I got to attend Lead Dev through their fantastic scholars scheme, which assigned me a conference regular as a mentor to help orient me and answer any questions I had, and gave me a chance to meet the other scholars as a motivated & highly engaged sub-set of the huge conference crowd. My mentor was lovely, and being part of the scholars group was a wonderful ice-breaker and meant I never lacked for people to reflect on the talks with.

A lot of the common themes that echoed between speakers at Lead Dev are things I already believe: empathy and respect are powerful development skills, continuous learning is both essential and challenging, diverse teams are effective teams, and people skills are the hardest and most essential skills of all. Already believing those things in no way reduced the impact of the wisdom that was being shared. I spent two days nodding along, scribbling notes, and in one awkward moment, spilling my tea everywhere because I was so struck by something I heard.

Something I noticed was that a lot of the companies and organisations with substantial vendor presence and/or big groups of employees attending the event are ones that have crossed my radar in the last few years, in a good way. These are places that I’ve noticed sponsoring events and programs for underrepresented people in tech, recruiting through community groups like RailsGirls, and places where I know there is >1 woman in the tech and tech management teams. They’re also places that maintain high-quality technical blogs that I refer to often, and open source projects that I use everyday. Compared to the company presence at other conferences I’ve been to, it felt like a slice of the tech community as I wish it always was- open, community-minded and as diverse as reality is.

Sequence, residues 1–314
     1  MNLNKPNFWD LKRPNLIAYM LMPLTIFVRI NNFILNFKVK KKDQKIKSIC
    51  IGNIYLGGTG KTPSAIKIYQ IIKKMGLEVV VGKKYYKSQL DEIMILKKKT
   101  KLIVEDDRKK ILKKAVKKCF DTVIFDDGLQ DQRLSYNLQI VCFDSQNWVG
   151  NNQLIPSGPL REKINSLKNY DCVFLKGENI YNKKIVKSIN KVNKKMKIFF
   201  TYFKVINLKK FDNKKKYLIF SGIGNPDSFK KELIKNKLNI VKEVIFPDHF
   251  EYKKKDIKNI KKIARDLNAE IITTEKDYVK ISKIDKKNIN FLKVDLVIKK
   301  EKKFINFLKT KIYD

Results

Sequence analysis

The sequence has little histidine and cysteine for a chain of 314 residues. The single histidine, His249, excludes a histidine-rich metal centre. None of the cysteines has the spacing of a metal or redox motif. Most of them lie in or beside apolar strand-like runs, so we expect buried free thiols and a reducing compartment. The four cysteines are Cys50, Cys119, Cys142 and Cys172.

Below are my notes for some of the talks- not all of them, but the ones where I made notes about things that I’d really like to remember. These mostly aren’t direct quotes, they’re my own interpretations & take-aways- you can view the slides here, and I’ll link to videos once they’re up, too.

For another perspective & more detailed notes from these talks, check out Sole’s notes for Day 1 and Day 2. Malcolm Young’s notes are also a good read.

(Some of the) Talks: Day 1